Diamond texture

Dear Evil Engineer: How many corpses do I need to make the world's largest diamond?

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A diamond heiress plans to assert her authority by wearing her deceased enemies as a massive diamond.

Dear Evil Engineer,

I am heiress to an infamous diamond mining corporation. While I’m keeping busy as founder and CEO of a start-up developing satellite-mounted diamond laser weapons, my father is advancing in years and soon it will be time for me to take over the family business.

I regret that the diamond industry has shed some of its reputation for brutality in recent years, losing credibility as a great sector for talented young villains to work in. I intend to turn things around from day one at the company, beginning by disposing of most of the board of trustees and turning their bodies into the world’s largest diamond. I plan to set the diamond in a crown which I will wear during board meetings, as a reminder to stay in my good books.

How many of them will I need to kill and crush in order to create the world’s largest diamond?


A bejewelled villain


Dear villain,

An inspired idea! I trust that the corporation will be in capable and ambitious hands.

As you know, diamonds are made up of carbon atoms arranged in a ‘diamond lattice’: a repeating pattern of eight atoms. Creating a diamond takes carbon, and a colossal amount of heat, pressure, and time. Natural diamonds are formed over billions of years within the Earth’s mantle, where they are subjected to incredible pressure and temperature.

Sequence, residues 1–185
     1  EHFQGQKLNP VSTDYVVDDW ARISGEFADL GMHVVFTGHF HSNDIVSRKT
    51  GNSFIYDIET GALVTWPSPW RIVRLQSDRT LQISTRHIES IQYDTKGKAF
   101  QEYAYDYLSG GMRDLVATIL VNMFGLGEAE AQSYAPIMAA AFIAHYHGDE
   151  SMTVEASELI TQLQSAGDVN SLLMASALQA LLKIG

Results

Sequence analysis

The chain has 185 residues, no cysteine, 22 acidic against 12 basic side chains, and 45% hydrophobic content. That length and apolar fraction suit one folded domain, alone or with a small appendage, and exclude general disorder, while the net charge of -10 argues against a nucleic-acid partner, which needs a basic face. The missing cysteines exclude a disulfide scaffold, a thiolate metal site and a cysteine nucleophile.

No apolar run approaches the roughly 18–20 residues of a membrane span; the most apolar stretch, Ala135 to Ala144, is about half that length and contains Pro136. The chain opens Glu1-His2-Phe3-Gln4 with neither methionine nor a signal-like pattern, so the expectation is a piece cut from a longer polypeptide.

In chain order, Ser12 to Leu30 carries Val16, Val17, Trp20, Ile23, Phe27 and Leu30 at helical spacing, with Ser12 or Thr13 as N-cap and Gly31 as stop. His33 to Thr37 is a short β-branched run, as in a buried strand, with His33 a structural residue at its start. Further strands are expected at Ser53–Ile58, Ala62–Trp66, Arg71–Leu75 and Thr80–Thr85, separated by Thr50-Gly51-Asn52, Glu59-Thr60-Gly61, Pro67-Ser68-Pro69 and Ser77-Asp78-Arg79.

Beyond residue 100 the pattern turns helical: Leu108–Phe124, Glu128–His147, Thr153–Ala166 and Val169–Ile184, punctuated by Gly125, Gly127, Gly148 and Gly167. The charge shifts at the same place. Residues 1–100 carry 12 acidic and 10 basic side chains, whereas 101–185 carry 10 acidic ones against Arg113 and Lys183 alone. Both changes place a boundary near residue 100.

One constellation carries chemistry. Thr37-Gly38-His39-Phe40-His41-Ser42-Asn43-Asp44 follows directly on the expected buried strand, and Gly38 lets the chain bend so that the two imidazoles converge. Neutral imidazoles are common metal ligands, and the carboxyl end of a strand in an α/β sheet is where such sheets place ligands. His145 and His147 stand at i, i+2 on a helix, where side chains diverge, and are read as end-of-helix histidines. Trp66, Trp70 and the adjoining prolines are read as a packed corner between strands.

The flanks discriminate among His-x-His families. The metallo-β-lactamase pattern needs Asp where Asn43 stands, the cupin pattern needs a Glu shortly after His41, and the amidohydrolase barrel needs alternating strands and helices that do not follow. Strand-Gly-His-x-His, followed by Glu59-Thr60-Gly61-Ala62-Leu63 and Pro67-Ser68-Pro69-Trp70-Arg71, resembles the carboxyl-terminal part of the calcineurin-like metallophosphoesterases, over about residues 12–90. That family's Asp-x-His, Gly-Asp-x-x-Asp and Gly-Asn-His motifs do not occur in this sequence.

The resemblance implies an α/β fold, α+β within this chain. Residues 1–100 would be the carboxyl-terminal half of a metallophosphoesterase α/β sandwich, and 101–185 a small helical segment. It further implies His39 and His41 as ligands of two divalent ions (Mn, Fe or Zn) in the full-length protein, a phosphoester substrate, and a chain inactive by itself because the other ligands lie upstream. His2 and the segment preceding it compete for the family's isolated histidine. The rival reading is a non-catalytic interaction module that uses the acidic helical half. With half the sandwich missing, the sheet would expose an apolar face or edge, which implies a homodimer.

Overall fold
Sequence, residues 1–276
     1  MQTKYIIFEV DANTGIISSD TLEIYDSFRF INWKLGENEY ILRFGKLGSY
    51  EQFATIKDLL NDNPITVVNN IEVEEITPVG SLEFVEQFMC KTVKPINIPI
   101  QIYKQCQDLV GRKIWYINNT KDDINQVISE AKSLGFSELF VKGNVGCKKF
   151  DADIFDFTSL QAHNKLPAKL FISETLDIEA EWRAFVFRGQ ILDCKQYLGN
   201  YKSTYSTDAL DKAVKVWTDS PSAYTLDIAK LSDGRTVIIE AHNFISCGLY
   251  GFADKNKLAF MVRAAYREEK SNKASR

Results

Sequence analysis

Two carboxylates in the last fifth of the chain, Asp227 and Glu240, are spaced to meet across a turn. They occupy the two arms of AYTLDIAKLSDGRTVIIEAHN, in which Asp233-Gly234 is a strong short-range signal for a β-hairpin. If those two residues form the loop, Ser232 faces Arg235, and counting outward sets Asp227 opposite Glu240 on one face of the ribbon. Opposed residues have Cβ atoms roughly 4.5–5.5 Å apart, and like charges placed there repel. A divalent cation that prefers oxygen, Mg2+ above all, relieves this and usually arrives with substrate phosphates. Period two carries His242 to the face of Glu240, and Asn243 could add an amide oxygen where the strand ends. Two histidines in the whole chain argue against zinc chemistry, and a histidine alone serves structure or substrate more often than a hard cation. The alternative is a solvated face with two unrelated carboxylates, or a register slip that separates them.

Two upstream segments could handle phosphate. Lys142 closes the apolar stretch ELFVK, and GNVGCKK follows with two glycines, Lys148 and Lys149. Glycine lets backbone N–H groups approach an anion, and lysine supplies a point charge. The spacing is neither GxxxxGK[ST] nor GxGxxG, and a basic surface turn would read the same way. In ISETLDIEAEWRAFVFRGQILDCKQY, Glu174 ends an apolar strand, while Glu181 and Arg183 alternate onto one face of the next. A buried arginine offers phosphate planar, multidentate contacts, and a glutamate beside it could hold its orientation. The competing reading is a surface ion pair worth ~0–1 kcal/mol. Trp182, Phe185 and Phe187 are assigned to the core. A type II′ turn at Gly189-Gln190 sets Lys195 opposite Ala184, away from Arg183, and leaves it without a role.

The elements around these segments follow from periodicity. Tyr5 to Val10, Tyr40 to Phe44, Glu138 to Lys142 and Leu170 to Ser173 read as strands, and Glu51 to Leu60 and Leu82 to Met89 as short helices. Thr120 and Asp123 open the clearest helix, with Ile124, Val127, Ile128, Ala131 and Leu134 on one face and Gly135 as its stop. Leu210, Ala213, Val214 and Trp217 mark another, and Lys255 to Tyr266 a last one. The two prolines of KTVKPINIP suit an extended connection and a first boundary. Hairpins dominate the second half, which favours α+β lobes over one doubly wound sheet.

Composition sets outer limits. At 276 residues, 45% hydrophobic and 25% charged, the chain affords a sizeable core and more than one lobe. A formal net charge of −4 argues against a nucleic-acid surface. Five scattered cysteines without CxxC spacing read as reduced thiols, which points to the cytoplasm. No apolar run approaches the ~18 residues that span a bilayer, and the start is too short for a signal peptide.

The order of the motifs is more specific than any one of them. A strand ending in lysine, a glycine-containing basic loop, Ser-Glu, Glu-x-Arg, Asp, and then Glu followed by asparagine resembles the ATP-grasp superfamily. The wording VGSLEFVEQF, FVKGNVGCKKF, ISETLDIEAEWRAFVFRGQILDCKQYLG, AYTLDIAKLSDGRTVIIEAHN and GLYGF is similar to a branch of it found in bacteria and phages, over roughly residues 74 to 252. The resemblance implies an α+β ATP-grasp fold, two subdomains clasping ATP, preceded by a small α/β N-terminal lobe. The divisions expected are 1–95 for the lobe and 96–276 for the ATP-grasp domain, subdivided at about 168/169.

This aeons-long geological process can be reduced to weeks or months through highpressure high-temperature (HPHT) processes which reproduce the conditions deep within Earth. A diamond seed is placed within a press – which supplies the necessary heat and pressure – and high-purity carbon precipitates on the seed, forming a synthetic diamond chemically identical to mined diamonds.

Despite humans being carbon-based life forms, you will not be able to crush your employees’ bodies directly into diamonds because carbon comprises a fraction of the human body. Doing so would result in some chemical monstrosity, which would be fascinating but probably as far from a diamond as an edamame bean.

So, you will need to go through the process used by the ‘memorial diamond’ industry; these companies promise to transform samples of cremation ashes into diamonds. The industry is very secretive, but we know approximately how the process works. Although at least one memorial diamond company collects cremation carbon in gaseous form, it is more normal to isolate carbon from the ashes. This gives you a graphite powder, which is refined and filtered until it reaches a carbon purity of around 99.9 per cent.